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Untapped Silverlight Powers: The Interactive Application : Page 2

Silverlight's good for working with animation, graphics, and videos, but did you know it allows you to do things you can't do elsewhere—even with ASP.NET and AJAX? Learn how to harness that power by building an interactive signature capturing application.

Capturing the Signature
Using Visual Studio 2008 Beta 2, create a new Silverlight project and name it Signature.

Add a canvas and rectangle object to the page to show the area where the user can sign on it. Populate Page.xaml as follows:

<Canvas x:Name="parentCanvas"
   <Canvas x:Name="SigPad" Width="404" Height="152" 
      Canvas.Left="8" Canvas.Top="9" Background="#FFF4F60C" >
      <Rectangle Width="404" Height="152" Fill="#FFF1F8DB" 
         Stroke="#FF000000" StrokeThickness="3"/>
The page should be like the one shown in Figure 1 (you can use Expression Blend 2 to view the page).

Figure 1. Page.xaml: The Silverlight page with a rectangle for capturing the user's signature.

With the user interface created, you can now write the code to capture the signature. In Page.xaml.vb, import the following namespaces:

Imports System.Windows.Media.Color
Imports System.Collections.Generic
Declare the following member variables:

Partial Public Class Page
    Inherits Canvas
    Private MouseDown As Boolean = False
    Private _previouspoint As Point
    Private _points As List(Of Point)
    Private _lines As New List(Of Object)

Author's Note: The techniques for capturing and storing a signature is similar to techniques previously discussed in an earlier article, Capture Signatures Remotely from Your Pocket PC.

Capturing the user's signature mainly involves servicing three event handlers:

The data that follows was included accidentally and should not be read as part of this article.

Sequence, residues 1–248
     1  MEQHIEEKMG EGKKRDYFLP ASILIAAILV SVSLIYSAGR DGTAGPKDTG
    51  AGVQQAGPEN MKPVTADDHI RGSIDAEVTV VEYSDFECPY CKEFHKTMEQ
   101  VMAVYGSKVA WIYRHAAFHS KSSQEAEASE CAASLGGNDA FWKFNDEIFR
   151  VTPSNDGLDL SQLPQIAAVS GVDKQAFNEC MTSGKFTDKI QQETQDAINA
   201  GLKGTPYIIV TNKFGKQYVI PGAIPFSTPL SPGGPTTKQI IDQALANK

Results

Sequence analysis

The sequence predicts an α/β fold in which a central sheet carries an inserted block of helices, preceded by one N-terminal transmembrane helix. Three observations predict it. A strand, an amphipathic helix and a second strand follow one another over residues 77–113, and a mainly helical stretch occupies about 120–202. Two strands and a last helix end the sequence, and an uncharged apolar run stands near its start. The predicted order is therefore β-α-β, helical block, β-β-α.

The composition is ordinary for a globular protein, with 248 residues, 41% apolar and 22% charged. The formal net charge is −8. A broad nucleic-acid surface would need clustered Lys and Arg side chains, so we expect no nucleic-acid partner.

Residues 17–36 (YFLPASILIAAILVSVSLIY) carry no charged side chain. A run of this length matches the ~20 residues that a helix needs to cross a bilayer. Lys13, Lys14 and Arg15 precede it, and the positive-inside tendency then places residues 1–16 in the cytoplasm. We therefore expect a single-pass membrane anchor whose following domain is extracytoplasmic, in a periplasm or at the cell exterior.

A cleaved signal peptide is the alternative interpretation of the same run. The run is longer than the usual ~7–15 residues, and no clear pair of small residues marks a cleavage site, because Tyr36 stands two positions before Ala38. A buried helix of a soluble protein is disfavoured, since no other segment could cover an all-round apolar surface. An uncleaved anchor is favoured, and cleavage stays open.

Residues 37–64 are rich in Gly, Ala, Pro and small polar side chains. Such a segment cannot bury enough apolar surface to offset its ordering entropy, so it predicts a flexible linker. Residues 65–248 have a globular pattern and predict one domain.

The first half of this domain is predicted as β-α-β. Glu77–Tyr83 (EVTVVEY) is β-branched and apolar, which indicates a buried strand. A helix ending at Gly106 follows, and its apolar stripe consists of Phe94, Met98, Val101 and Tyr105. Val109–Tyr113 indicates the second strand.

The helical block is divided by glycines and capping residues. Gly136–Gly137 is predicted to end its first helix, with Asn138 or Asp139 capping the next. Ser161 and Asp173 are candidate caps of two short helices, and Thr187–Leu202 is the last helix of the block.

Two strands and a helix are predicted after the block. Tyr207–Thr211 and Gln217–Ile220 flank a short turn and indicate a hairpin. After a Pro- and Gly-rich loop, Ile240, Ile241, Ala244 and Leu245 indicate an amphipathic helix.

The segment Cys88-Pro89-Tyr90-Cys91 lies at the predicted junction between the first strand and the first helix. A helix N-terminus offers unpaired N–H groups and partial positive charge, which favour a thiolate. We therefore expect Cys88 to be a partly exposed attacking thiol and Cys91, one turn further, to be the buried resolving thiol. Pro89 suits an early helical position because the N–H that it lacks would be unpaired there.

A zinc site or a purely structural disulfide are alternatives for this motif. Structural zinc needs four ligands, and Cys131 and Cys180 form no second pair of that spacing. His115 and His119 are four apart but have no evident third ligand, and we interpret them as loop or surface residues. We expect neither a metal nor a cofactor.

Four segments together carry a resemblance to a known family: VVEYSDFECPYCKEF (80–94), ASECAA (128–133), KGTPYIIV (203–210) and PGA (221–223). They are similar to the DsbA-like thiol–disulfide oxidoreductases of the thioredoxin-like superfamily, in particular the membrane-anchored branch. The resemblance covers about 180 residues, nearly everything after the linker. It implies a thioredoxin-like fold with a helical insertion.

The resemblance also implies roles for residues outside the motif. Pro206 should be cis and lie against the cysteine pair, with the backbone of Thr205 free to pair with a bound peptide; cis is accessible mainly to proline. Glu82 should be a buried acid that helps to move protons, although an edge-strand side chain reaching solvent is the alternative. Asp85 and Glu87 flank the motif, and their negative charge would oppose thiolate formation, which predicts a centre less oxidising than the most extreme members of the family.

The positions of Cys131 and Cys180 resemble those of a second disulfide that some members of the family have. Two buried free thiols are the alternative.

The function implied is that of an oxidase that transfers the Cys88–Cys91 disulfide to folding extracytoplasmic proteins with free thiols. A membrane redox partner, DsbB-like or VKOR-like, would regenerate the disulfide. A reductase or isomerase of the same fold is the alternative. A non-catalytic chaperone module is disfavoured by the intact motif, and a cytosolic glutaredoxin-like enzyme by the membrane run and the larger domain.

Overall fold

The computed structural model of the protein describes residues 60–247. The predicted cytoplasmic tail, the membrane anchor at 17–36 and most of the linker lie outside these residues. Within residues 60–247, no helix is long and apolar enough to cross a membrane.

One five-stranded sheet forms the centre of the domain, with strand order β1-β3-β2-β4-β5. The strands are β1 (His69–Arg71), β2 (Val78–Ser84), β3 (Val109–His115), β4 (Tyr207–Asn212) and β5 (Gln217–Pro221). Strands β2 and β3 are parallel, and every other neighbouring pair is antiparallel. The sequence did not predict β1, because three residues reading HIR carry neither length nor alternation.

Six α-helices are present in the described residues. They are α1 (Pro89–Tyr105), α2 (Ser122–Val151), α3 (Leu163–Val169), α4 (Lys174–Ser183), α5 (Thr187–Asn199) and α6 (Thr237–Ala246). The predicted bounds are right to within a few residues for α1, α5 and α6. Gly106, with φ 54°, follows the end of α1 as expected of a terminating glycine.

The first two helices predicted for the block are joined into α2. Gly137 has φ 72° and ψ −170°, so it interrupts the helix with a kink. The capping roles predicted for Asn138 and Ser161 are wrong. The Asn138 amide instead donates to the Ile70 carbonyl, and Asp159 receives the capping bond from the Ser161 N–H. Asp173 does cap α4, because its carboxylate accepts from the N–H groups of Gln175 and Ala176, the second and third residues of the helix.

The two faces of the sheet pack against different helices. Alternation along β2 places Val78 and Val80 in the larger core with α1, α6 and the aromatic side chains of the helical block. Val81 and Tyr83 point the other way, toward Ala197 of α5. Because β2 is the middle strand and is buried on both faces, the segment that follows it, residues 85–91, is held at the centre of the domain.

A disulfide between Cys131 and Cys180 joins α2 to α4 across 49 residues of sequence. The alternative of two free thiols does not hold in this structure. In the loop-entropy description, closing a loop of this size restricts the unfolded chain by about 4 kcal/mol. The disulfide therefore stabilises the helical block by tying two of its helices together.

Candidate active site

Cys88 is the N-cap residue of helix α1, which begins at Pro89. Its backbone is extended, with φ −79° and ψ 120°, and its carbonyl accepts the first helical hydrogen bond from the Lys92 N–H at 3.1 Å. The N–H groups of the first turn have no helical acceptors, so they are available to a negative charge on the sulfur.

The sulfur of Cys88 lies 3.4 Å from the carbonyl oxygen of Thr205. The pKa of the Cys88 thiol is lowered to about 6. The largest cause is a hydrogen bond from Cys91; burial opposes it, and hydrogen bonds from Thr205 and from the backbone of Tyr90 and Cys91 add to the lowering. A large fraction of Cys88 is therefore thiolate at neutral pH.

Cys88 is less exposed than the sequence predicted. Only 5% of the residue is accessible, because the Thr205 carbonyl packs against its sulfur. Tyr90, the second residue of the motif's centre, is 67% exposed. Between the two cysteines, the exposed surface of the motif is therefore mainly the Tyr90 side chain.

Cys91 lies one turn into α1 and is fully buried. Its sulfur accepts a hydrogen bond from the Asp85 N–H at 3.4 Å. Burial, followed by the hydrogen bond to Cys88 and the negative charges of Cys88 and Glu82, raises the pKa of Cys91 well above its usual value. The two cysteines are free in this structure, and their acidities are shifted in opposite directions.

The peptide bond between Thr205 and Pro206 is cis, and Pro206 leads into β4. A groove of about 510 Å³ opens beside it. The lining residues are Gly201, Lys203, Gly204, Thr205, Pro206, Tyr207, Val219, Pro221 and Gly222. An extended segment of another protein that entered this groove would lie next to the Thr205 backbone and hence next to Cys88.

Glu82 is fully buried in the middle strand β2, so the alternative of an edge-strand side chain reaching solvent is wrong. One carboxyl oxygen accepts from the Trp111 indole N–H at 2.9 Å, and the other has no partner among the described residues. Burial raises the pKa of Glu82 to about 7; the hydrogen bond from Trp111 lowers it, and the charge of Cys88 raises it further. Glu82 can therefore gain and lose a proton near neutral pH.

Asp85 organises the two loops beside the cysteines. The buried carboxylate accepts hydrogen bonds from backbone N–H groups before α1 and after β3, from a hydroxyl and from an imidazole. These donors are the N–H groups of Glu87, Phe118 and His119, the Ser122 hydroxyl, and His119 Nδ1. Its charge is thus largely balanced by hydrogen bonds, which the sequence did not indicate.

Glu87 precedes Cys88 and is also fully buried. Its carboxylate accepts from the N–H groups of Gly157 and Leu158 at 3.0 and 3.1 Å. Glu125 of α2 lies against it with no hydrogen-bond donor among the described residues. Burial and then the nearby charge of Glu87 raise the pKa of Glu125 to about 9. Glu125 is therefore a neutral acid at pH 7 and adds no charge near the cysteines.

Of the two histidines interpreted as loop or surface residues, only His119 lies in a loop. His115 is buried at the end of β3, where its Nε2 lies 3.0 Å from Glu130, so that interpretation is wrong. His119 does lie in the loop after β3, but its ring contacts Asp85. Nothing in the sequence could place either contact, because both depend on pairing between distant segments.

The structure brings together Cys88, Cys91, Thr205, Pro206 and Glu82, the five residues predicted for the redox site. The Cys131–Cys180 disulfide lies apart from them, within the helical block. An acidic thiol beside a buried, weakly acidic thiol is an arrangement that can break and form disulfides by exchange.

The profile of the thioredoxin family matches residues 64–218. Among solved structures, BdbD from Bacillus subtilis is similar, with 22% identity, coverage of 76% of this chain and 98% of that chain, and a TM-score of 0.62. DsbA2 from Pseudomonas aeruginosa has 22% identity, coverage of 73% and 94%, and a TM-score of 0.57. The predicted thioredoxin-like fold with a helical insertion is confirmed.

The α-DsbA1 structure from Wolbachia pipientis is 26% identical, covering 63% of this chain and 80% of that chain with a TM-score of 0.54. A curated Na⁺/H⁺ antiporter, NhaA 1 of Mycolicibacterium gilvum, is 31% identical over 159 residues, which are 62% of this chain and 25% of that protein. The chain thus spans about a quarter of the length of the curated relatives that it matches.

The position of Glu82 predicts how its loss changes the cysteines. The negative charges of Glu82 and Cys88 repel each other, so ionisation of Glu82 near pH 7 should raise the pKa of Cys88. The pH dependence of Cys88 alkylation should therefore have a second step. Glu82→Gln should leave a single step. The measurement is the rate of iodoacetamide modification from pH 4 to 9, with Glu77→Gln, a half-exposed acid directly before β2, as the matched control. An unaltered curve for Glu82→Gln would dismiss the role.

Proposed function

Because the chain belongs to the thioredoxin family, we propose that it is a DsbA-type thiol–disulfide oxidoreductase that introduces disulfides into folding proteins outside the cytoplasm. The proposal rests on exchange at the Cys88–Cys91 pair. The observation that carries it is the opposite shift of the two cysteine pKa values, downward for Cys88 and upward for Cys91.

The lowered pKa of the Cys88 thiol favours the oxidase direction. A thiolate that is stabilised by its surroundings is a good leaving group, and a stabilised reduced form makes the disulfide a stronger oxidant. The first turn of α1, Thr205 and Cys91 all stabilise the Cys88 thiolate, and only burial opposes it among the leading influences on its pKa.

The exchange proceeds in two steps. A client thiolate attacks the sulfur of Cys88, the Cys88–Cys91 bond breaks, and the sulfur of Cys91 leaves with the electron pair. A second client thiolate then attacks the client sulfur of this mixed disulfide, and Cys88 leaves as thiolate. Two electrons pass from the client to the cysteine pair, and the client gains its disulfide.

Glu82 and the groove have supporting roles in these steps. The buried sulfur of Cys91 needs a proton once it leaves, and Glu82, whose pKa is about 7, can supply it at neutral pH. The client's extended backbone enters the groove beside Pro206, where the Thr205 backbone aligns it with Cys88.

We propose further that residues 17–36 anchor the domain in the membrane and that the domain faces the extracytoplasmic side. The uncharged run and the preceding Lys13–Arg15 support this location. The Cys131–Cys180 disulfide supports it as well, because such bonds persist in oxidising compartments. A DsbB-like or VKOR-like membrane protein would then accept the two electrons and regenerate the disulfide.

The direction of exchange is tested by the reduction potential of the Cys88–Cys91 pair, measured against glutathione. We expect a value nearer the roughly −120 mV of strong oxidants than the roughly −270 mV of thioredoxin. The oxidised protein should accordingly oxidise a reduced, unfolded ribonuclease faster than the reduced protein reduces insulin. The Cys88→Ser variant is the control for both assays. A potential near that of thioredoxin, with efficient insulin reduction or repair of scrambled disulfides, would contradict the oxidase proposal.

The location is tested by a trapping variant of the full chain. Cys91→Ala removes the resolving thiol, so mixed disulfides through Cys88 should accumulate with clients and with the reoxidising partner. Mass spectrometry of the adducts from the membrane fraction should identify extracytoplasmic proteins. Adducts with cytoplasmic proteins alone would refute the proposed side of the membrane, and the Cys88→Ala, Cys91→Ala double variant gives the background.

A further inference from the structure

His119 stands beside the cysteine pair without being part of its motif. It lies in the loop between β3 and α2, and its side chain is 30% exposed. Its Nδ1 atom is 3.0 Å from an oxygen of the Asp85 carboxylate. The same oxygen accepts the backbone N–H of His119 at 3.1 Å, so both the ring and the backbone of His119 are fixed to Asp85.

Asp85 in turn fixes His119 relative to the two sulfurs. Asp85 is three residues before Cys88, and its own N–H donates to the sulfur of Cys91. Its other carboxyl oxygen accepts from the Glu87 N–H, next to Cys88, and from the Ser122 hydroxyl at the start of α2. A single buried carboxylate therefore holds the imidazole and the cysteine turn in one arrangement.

• MouseLeftButtonDown: When the left mouse button is clicked
  • MouseLeftButtonUp: When the left mouse button is released
  • MouseMove: When the mouse moves
Code the MouseLeftButtonDown event handler as shown in Listing 1.

The MouseLeftButtonDown event is fired when the user clicks the left mouse button. Here, you will interpret it as the beginning of a handwriting stroke and start to record the first point that the user has made on the canvas control.

Listing 2 shows the code for the MouseMove event handler.

The MouseMove event is fired continuously as the user moves the mouse. Here, you will draw a line connecting the previous point with the current point and record all the coordinates into the _points variable.

Figure 2. It Works!: Signing on the canvas.

Code the MouseLeftButtonUp event handler as follows:

'---fired when the user let go of the left mouse button---
    Private Sub SigPad_MouseLeftButtonUp( _
       ByVal sender As Object, _
       ByVal e As System.Windows.Input.MouseEventArgs) _
       Handles SigPad.MouseLeftButtonUp

        '---user has let go of the left mouse button---
        MouseDown = False

        '---add the list of points to the current line---

    End Sub
The MouseLeftButtonUp event is fired when the user releases the left mouse button. Here, you will interpret it as the end of a stroke. The series of points stored in the _points variable is then appended to the _lines variable.

Press F5 to test the application. You will now be able to use your mouse to draw on the canvas (see Figure 2).

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